Some governments retaliate forcefully when foreign corporations engage in dumping activities by imposing hefty anti-dumping tariffs on foreign imports, and the WTO may intervene to decide if the acts are legitimate or violate the WTO’s free-market principles.

Dumping is permitted under the WTO Anti-Dumping Agreement until it threatens to create significant injury in the home market of the importing country. In addition, the organisation forbids dumping when it creates a considerable delay in the home market.

Calculating the Anti-Dumping Duty

The WTO Anti-Dumping Agreement permits nations to act without discriminating between trading partners and to calculate duties in accordance with the DATT 1994 concept.

The GATT 1994 principle establishes a set of rules to control trade between WTO parties. It stipulates that imported items should not be exposed to higher internal taxes than domestic goods.

It also mandates that imported products be treated equally to domestic commodities in terms of domestic rules and regulations. It does, however, give the government the authority to levy a tariff on foreign imports that exceed the fixed rates and try to harm the home market.


For UPSC preparation, it is critical to keep up with current events in the country. To help you prepare for the exam, you should write down the main facts presented in the article. To answer questions successfully, you should review such important spheres before the examination.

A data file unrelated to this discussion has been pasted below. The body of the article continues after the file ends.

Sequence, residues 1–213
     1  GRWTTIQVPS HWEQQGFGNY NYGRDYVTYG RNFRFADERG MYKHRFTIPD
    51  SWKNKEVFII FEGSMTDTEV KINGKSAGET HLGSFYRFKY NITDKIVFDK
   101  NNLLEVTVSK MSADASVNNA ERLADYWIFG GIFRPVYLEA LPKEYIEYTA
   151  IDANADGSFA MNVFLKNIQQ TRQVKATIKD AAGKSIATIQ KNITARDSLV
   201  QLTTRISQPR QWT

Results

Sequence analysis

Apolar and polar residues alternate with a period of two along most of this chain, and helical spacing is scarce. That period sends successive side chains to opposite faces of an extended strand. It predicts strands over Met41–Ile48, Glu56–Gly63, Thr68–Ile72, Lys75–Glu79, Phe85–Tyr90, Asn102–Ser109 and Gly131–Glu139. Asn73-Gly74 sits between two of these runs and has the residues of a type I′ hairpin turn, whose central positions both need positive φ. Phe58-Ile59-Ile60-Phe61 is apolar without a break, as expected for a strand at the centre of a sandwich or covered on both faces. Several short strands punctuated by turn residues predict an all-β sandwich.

If you’re preparing for the UPSC, you must also go to the UPSC Pathshala webpage for the finest advice and mentorship through a variety of materials and high-quality video tutorials produced by specialists.

Also Read: How do Interest Groups Influence Public Policy in India? Here’s All You need for UPSC Notes

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About the Author

Madhurjya Chowdhury

Madhurjya Chowdhury, a web content writer in Ufaber EduTech has a very strong passion for writing and alluring the readers. You can find him writing articles for the betterment of exam aspirants and children. With immense interest in research-based content writing and copywriting, he likes to reach out to more and more people with his creative writing style. On the other side, he is an Electronics and Communication Engineer from LPU, Jalandhar. In his leisure time, he likes to play badminton or read about space discoveries. Apart from this, he is a pro gamer on PC, PS and Mobile gaming platforms.